“The device has a total absorption of approximately 30 times its initial weight within two minutes,” says Liping Sun, a senior scientist at Aurora. Depending on the size of the wound, multiple pouches can be used. Each one can swell to about the size of a couple of grapefruits, says de Luis. But ideally, a pouch would not expand all the way–only enough to stop the flow of blood. The pouch also works like a diaper: it locks in the fluid so that the blood can’t be squeezed out. Tests on pigs at MGH yielded promising results: all of the test subjects treated with the pouch survived their injuries, versus only 40 percent for the controls, which were tested with a standard army-issued gauze roll.
The swelling hemostat pouch could provide a good way to stop bleeding for a few hours, so that a soldier or a patient can be transported to a medical center, says Ali Khademhosseini, an assistant professor in the Harvard-MIT division of health sciences and technology, and a winner of the TR35. “Unlike similar devices, it works to minimize the amount of liquid that would come out of the wound,” says Khademhosseini.
Two other types of devices already used by the U.S. military are made by HemCon and Z-Medica. HemCon, based in Portland, OR, makes bandages from chitosan, a naturally occurring, biocompatible polysaccharide derived from shrimp shells. When applied to a wound, the positively charged chitosan attracts negatively charged blood cells, which seals the wound and allows the body to form a clot that stops hemorrhaging.
Z-Medica, based in Wallingford, CT, makes a pourable product called QuickClot that uses zeolite-based agents to soak up the blood and adhere to the tissue at and around the wound site.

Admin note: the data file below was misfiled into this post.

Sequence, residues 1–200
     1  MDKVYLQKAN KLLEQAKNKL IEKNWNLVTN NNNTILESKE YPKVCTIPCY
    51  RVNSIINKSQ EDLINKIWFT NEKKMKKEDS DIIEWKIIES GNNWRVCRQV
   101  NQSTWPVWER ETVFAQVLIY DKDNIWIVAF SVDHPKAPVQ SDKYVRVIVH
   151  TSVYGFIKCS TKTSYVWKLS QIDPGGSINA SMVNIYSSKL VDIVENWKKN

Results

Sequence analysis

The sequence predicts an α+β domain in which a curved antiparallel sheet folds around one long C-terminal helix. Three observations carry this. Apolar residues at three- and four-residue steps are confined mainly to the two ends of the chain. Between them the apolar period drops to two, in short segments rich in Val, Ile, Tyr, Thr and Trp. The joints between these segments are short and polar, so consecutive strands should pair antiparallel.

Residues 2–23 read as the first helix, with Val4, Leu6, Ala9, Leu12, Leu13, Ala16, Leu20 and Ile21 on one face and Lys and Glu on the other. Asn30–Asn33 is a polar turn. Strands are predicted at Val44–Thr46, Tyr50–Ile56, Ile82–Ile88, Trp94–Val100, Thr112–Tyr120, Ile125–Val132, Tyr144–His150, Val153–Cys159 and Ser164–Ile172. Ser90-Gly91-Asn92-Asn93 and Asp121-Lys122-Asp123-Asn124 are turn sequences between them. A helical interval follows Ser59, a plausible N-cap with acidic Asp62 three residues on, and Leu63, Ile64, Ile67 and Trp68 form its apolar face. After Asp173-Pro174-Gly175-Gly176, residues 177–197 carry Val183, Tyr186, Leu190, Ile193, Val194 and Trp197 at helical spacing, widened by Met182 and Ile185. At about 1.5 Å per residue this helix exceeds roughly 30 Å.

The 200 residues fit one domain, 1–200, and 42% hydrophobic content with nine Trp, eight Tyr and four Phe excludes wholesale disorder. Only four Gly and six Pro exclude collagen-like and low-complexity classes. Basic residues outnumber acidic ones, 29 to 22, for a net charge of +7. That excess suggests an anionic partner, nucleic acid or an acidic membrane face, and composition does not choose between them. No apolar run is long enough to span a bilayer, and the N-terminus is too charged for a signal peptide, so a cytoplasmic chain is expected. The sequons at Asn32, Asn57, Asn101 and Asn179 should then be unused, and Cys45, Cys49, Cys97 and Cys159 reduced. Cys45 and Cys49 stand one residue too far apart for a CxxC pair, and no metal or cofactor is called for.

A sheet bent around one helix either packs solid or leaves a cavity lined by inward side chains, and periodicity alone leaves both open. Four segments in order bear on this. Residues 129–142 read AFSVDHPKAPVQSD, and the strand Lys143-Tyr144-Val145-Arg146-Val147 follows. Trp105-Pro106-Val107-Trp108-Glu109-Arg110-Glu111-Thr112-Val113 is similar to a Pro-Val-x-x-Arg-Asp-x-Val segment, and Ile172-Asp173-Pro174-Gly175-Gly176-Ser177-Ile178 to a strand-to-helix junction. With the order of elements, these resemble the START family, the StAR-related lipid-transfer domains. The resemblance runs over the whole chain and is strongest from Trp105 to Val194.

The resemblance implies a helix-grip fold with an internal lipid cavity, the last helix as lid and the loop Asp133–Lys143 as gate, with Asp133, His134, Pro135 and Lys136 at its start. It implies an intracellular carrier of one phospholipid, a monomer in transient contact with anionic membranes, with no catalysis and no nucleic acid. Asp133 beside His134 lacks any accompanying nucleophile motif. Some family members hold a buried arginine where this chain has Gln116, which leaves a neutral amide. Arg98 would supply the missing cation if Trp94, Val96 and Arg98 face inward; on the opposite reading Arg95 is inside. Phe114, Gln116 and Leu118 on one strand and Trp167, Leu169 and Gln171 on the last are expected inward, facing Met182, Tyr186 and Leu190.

But for traumatic injuries, one needs to have a fast system that can prevent bleeding in large wounds, says Khademhosseini. HemCon bandages, for example, only cover a four-by-four-inch area.
“The main benefit to our device is that it is purely a mechanical application, so we don’t have any complications with chemical reactions or exothermic reactions,” says de Luis.
Researchers at MIT, led by Rutledge Ellis-Behnke, are also working on an innovative solution: a biodegradable liquid that can quickly stop bleeding. (See “Nanosolution Halts Bleeding” and “TR10: Nanohealing.”) It could also be used to promote healing particularly for wounds inside the body. The biodegradable liquid is still three to five years from being approved for use in humans, however, and MIT researchers say that it will first be used in surgical procedures. Its impact on large wounds and in other areas is unknown.
According to de Luis and Velmahos, the swelling hemostat can be developed for less than $10 per pouch, and it could be on the battlefield within a year. “These kinds of things are very useful not just for the battlefield, but for biomedical treatment anywhere,” says Khademhosseini. “They use standard polymers that are cheap and commercially available.”